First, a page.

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Re: wal_buffers

From: Amit Kapila <amit(dot)kapila(at)huawei(dot)com>
To: "'Bruce Momjian'" <bruce(at)momjian(dot)us>
Cc: "'Robert Haas'" <robertmhaas(at)gmail(dot)com>, <pgsql-hackers(at)postgresql(dot)org>
Subject: Re: wal_buffers
Date: 2012-08-29 10:08:12
Message-ID: 004301cd85ce$337909e0$9a6b1da0$@kapila@huawei.com (view raw or flat)
Thread:
Lists: pgsql-hackers
On Tuesday, August 28, 2012 9:33 PM Bruce Momjian wrote:
On Tue, Aug 28, 2012 at 09:40:33AM +0530, Amit Kapila wrote:
> From: pgsql-hackers-owner(at)postgresql(dot)org
> [mailto:pgsql-hackers-owner(at)postgresql(dot)org] On Behalf Of Bruce Momjian
> 
>>> Added to TODO:
> 
>>>	Allow reporting of stalls due to wal_buffer wrap-around
> 	
>>>
>>> http://archives.postgresql.org/pgsql-hackers/2012-02/msg00826.php 
> 
>> Isn't this indicates that while writing XLOG, it needs some tuning such
that
>> when some thresh hold buffers(2/3) are full, then trigger LOGWriter. 

> I assumed the LOGWriter was already working as fast as it could, but
> couldn't keep up.

 I have doubt that in some cases it might not, for example 

1. Assume 16M Xlog buffers
2. 6M or less than that is filled.
3. Background writer decides how much to flush and starts writing and at the
same time backends start filling
   remaining 10M of the buffers.
4. Background writer goes to sleep after flushing 6M.
5. Backends have filled all 16M, in this case it may so happen that some
backends might need to do I/O.


Some other cases where I think it can be useful to wake LogWriter
Case-1
-------
1. Log writer delay is default 200ms or set to some higher value by user.
2. All the configured buffers got filled, backend might need to do I/O.  

Case-2
-------
The case-1 scenario can also happen even if user has set wal_buffers = -1
(Auto tuning of wal buffers),
Because it reserves XLog buffers equivalent to one segment file and in high
load if that gets filled, backends might need
to do I/O.


---------------------------------------------------------------------------

> 
> On Sun, Feb 19, 2012 at 12:24:12AM -0500, Robert Haas wrote:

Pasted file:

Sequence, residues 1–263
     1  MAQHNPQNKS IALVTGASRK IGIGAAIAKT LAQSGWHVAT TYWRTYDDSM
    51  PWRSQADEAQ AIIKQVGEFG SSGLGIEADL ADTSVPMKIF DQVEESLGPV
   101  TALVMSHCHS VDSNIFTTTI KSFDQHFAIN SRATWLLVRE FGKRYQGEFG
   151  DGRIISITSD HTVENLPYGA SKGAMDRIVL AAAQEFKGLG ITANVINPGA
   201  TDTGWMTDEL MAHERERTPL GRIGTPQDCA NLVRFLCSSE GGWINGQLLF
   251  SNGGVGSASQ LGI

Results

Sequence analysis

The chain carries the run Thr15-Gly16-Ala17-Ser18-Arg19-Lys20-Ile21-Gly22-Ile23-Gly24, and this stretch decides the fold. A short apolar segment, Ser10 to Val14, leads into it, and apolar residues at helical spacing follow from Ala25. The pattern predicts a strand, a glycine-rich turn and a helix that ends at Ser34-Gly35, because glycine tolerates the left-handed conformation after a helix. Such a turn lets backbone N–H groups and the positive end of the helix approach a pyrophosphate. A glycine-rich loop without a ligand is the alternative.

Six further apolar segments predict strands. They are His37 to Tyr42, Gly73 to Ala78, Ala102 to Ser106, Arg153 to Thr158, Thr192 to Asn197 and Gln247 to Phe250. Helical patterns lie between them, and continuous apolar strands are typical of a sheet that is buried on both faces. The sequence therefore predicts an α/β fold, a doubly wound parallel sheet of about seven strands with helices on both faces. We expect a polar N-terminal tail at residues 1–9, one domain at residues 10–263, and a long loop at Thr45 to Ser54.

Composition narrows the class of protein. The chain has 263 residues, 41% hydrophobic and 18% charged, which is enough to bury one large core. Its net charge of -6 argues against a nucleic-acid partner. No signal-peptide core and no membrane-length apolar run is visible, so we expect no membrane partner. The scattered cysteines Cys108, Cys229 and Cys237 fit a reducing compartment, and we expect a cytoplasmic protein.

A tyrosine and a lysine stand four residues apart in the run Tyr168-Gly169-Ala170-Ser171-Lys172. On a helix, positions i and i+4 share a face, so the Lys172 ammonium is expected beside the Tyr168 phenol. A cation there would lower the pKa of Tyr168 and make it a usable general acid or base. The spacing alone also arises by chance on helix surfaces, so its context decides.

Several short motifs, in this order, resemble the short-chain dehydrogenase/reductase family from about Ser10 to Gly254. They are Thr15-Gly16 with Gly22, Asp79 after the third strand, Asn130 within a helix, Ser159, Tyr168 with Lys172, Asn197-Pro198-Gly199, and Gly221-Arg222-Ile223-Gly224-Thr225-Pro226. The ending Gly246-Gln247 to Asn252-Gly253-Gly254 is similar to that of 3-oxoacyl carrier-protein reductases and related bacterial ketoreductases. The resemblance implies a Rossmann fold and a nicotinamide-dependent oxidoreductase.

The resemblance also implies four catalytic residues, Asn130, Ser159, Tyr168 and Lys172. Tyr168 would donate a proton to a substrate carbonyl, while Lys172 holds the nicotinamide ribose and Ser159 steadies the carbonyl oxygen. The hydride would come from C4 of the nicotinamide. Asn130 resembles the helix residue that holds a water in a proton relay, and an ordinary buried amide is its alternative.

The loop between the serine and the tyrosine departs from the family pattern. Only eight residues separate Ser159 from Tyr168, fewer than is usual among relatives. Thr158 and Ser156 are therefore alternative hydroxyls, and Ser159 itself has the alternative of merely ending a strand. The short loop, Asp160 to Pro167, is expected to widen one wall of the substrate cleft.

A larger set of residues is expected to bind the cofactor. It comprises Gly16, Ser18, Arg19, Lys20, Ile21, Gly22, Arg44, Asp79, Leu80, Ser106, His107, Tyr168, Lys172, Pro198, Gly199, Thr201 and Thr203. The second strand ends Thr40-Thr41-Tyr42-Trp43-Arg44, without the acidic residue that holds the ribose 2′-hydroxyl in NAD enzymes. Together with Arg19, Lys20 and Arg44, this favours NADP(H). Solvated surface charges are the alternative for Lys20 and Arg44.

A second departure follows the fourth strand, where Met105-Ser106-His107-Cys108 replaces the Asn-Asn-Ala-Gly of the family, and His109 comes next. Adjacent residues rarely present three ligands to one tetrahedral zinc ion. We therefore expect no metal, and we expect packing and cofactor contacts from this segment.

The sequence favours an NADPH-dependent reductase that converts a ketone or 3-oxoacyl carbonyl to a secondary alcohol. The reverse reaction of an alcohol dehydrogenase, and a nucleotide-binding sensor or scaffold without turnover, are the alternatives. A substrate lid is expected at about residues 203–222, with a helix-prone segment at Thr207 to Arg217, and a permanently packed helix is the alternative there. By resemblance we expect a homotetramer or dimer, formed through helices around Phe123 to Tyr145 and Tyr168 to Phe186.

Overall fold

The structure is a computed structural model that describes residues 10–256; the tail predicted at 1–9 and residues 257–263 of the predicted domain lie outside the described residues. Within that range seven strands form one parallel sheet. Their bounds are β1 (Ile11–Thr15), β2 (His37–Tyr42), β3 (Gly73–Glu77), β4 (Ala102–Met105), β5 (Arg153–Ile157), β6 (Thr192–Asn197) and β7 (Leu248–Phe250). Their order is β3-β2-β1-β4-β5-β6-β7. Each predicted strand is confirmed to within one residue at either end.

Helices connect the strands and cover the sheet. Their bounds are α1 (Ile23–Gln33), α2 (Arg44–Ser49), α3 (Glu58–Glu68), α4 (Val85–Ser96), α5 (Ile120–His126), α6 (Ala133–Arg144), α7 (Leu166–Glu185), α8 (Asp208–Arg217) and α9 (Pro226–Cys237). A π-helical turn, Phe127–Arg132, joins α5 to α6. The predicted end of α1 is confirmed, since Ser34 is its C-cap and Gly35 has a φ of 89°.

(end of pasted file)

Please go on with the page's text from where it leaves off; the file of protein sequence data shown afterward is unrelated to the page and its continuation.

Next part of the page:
> > Just for kicks, I ran two 30-minute pgbench tests at scale factor 300
> > tonight on Nate Boley's machine, with -n -l -c 32 -j 32.  The
> > configurations were identical, except that on one of them, I set
> > wal_buffers=64MB.  It seemed to make quite a lot of difference:
> > 
> > wal_buffers not set (thus, 16MB):
> > tps = 3162.594605 (including connections establishing)
> > 
> > wal_buffers=64MB:
> > tps = 6164.194625 (including connections establishing)
> > 
> > Rest of config: shared_buffers = 8GB, maintenance_work_mem = 1GB,
> > synchronous_commit = off, checkpoint_segments = 300,
> > checkpoint_timeout = 15min, checkpoint_completion_target = 0.9,
> > wal_writer_delay = 20ms
> > 
> > I have attached tps scatterplots.  The obvious conclusion appears to
> > be that, with only 16MB of wal_buffers, the buffer "wraps around" with
> > some regularity: we can't insert more WAL because the buffer we need
> > to use still contains WAL that hasn't yet been fsync'd, leading to
> > long stalls.  More buffer space ameliorates the problem.  This is not
> > very surprising, when you think about it: it's clear that the peak tps
> > rate approaches 18k/s on these tests; right after a checkpoint, every
> > update will force a full page write - that is, a WAL record > 8kB.  So
> > we'll fill up a 16MB WAL segment in about a tenth of a second.  That
> > doesn't leave much breathing room.  I think we might want to consider
> > adjusting our auto-tuning formula for wal_buffers to allow for a
> > higher cap, although this is obviously not enough data to draw any
> > firm conclusions.
> > 
> > -- 
> > Robert Haas
> > EnterpriseDB: http://www.enterprisedb.com
> > The Enterprise PostgreSQL Company
> 
> 
> 
> > 
> > -- 
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> > To make changes to your subscription:
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> 
> 
> -- 
>   Bruce Momjian  <bruce(at)momjian(dot)us>        http://momjian.us
>   EnterpriseDB                             http://enterprisedb.com
> 
>   + It's impossible for everything to be true. +
> 
> 
> -- 
> Sent via pgsql-hackers mailing list (pgsql-hackers(at)postgresql(dot)org)
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> 

With Regards,
Amit Kapila.



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